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Ube is a city in Japan located in the Yamaguchi Prefecture. According to reports of population released around 2004 there are approximately 180,000 people calling the beautiful city home.

The city of Ube has taken the environmental issues of modern day living to heart and has put in place numerous plans to improve the cities natural environment. In fact, the city received several awards over the last few years for its exceptional air quality, pollution levels, and overall appearance of its natural essence.

The magnificent scenery of the city seems to discredit its ability to shine in the industrial zone however this is not the case. A large industrial zone where chemicals are created stands tall near the shores while serving as the cities largest economic industry. This has shocked many as the city seems so clean; it is hard to imagine that anyone could keep a city as clean as it is without shutting down the manufacturing plants. This cities ability to conquer the odds serves as inspiration for the entire world.

History of Ube

Ube was officially founded in November of 1921. At this time a sturdy government was put into place and plans for future development in the city were established.

World War II in 1945 caused major damage to the villages of Ube. Many people lost their lives and most of the city was burnt to the ground.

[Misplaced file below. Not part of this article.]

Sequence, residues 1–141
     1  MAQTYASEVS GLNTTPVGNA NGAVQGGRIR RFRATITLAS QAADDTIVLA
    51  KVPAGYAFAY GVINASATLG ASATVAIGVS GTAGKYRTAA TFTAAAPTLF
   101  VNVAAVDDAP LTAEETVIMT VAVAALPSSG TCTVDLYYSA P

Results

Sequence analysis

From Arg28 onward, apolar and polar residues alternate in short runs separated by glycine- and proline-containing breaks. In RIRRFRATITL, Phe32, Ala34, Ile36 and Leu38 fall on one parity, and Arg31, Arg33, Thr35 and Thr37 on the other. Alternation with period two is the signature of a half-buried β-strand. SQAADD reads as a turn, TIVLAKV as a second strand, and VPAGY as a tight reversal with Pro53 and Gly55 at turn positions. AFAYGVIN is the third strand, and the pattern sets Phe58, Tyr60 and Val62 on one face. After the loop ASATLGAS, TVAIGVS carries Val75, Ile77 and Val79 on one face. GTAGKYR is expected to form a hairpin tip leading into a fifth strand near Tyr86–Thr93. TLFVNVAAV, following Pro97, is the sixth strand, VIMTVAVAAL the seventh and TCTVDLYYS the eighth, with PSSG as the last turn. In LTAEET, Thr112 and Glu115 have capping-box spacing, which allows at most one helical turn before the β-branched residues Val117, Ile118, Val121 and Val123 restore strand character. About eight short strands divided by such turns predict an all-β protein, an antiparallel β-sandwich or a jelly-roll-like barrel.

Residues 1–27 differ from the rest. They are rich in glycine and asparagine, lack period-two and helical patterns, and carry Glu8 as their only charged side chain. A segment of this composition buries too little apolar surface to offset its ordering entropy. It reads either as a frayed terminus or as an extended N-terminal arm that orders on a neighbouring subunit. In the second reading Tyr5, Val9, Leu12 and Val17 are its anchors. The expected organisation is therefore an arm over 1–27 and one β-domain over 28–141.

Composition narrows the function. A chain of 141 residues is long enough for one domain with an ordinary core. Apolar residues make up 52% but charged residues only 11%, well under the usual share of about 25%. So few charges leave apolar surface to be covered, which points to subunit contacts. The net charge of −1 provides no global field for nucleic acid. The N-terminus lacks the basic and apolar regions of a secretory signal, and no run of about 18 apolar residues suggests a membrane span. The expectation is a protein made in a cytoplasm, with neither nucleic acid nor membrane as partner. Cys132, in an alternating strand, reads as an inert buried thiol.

Points of Interest

  • The Watanabe Memorial Hall The Watanabe Memorial Hall is open to the public standing as a memorial for Yusaka Watanabe, the founder and developer of the city. Housing many of the oldest artifacts in Japan, this museum serves as a reminder of the absolute dedication to making the city of Ube one of the best in the world.
  • Tokiwa Park Tokiwa Park is simply magical with its vast amount of beautiful natural greenery. Hundreds of man-hours have gone into making this park a relaxing spot for millions visiting the city each year.
  • Open Air Museum The Open Air Museum has brought tourists from all over the world each seeking the original statues sharing the stories of the earliest Japanese culture. Over 100 statues stand tall in the museum as each one represents a special piece of history.

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